Matz Ohlen - Director - Transformer test systems
Accurate information about the condition of insulation in a transformer is essential for effective asset management and accurate risk assessment. Information about moisture content limits the loading of the transformer accelerates the aging of the paper insulation, thus reducing transformer life. Dielectric frequency response measurement provides a cost- and time-effective method for determining transformer health, including the moisture content of the oil/paper insulation system.
Traditionally insulation condition is assessed by measuring tan delta/power factor at the mains frequency of 50 or 60 Hz. This approach is however of limited value. To see why, consider for example three power transformers that have the same tan delta/power factor at mains frequency. Further examination may, however, reveal that one of the transformers is wet with good oil and needs to be dried out, another is dry but has oil that needs reconditioning or regeneration and the third transformer is just in normal service-aged condition. The mains frequency tan delta test provides no way of distinguishing between these three different cases. Figure 1 clearly illustrates how misleading tan delta results can be.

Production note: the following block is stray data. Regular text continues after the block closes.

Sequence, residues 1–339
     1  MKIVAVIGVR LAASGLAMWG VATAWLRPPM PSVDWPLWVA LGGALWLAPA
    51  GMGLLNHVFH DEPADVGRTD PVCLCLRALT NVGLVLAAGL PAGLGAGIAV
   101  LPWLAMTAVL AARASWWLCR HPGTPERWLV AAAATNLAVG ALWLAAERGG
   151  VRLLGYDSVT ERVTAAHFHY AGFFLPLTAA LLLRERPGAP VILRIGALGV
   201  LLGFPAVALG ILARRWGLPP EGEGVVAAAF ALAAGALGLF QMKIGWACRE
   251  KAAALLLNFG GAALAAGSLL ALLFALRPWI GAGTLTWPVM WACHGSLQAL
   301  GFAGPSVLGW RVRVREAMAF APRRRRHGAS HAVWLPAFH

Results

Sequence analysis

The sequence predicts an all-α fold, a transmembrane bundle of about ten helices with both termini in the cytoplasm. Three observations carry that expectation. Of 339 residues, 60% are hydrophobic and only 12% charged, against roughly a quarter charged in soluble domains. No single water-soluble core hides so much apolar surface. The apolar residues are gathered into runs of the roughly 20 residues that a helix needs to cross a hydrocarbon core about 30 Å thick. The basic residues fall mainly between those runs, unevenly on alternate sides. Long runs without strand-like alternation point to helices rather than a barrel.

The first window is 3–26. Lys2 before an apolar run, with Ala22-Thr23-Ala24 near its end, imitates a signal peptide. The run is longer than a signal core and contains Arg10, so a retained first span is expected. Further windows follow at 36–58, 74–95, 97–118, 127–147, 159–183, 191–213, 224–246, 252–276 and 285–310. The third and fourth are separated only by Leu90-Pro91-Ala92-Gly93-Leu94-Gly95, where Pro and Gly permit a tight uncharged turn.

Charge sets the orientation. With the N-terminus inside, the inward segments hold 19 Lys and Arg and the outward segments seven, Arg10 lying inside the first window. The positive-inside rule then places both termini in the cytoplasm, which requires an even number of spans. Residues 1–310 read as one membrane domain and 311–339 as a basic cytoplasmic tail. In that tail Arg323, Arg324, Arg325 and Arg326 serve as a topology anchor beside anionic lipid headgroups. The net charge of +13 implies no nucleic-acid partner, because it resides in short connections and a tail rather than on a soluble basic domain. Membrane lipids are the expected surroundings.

In contrast, a dielectric frequency response (DFR/FDS) diagnostic test will provide accurate and conclusive information about the condition of the transformer insulation. Such data is essential in prioritising the maintenance of transformer fleets and making sure assets will reach and exceed their expected service lives. See Figure 1.
High moisture in the transformer insulation gives rise to a number of well-known issues, including:
- Reduced load capability – The load capability is limited because of the decreased bubbling inception temperature